June 24, 2020
Pr. Paul Cannon
A voice says, “Cry out! And I said, “What shall I cry?” All people are grass, their constancy is like the flower of the field.
Don’t ever tell Julie Cannon that North Dakota is boring. I remember the four-hour drive between Fargo (where I went to college) and Minot (where my parents had a condo) … I remember it, but I couldn’t tell you much about it. Driving on roads that rarely curved left or right, it was fields as far as the eye could see.
But my mom, who grew up there, was/is a staunch defender of the beautiful state of North Dakota. Living out there for four years of my life, I now know why. Friends and family from the area would often tell me, “If you don’t think North Dakota is beautiful, you’re looking in the wrong place. You have to look up.”
Looking up, there was sky stretching from horizon to horizon. When you looked up, the beauty of prairie and field sprang to life. It turns out that God has a lot to teach us through prairies and fields about openness, and yes, even about beauty.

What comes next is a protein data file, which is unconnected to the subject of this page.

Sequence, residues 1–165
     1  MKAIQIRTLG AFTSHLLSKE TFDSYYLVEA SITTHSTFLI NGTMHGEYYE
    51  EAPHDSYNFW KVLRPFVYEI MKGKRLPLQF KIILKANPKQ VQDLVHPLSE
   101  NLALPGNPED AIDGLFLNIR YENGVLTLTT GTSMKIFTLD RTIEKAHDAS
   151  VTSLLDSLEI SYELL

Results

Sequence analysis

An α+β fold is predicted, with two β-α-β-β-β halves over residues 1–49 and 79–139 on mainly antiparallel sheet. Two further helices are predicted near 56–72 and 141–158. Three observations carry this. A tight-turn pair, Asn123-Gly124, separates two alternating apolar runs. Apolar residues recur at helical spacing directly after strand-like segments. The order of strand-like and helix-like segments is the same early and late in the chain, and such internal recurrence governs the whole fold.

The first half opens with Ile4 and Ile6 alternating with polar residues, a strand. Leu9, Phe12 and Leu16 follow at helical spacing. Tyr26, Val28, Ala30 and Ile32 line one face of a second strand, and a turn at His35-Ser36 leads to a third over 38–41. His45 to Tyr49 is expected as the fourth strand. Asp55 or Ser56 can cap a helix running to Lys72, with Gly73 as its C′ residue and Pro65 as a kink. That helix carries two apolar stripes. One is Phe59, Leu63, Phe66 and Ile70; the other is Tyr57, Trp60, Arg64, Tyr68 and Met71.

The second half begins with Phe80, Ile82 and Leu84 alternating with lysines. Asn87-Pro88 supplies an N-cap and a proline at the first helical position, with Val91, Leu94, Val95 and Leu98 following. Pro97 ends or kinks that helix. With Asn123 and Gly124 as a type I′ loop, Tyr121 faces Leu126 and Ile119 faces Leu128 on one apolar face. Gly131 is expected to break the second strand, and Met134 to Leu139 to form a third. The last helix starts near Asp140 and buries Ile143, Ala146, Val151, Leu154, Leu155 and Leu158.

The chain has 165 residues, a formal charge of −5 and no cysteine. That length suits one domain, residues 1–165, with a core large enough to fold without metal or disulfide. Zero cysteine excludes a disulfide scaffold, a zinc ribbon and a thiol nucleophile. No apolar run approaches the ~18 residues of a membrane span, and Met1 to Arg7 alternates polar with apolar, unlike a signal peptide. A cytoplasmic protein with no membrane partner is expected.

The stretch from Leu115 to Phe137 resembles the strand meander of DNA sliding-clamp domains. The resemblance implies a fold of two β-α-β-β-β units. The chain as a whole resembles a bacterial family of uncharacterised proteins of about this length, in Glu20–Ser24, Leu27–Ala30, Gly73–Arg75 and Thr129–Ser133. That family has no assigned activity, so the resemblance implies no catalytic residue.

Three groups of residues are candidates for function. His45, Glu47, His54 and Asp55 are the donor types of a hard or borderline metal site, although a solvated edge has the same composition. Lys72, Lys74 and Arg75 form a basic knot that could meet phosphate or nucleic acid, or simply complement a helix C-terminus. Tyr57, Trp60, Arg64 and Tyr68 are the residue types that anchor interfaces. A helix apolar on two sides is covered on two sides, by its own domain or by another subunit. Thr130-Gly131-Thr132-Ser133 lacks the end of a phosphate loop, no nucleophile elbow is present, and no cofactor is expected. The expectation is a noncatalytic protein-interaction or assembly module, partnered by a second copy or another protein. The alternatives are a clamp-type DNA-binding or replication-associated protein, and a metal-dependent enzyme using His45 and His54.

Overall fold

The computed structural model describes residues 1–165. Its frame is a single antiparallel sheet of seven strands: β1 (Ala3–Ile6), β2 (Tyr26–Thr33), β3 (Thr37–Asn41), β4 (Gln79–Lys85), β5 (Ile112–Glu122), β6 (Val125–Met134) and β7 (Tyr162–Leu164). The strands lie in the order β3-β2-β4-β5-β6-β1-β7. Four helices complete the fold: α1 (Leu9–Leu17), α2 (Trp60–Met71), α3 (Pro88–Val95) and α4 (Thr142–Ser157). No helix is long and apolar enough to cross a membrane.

Sometimes when we are looking for something else, we fail to see the things that are right in front of us. Growing up in the mountains of Utah, there was always something to look at, but if all you do is stare off into the distance it’s easy to miss the beauty that’s right in front of you.
Maybe that’s the gift of the prairie – to notice what we have, rather than what we don’t have. If you look out over the prairie and want to see mountains or lakes or forests, you’ll be disappointed. But if you look up and notice what’s surrounding you … well then you might see something beautiful.
Our readings on Sunday are about fields and prairies. From Isaiah, we hear that people are like grass, and from the Gospel reading, we’re reminded that not even Solomon in all his glory was clothed like the lilies of the field.
Maybe God has something to teach each of us about ourselves this week as we reflect on prairies and fields.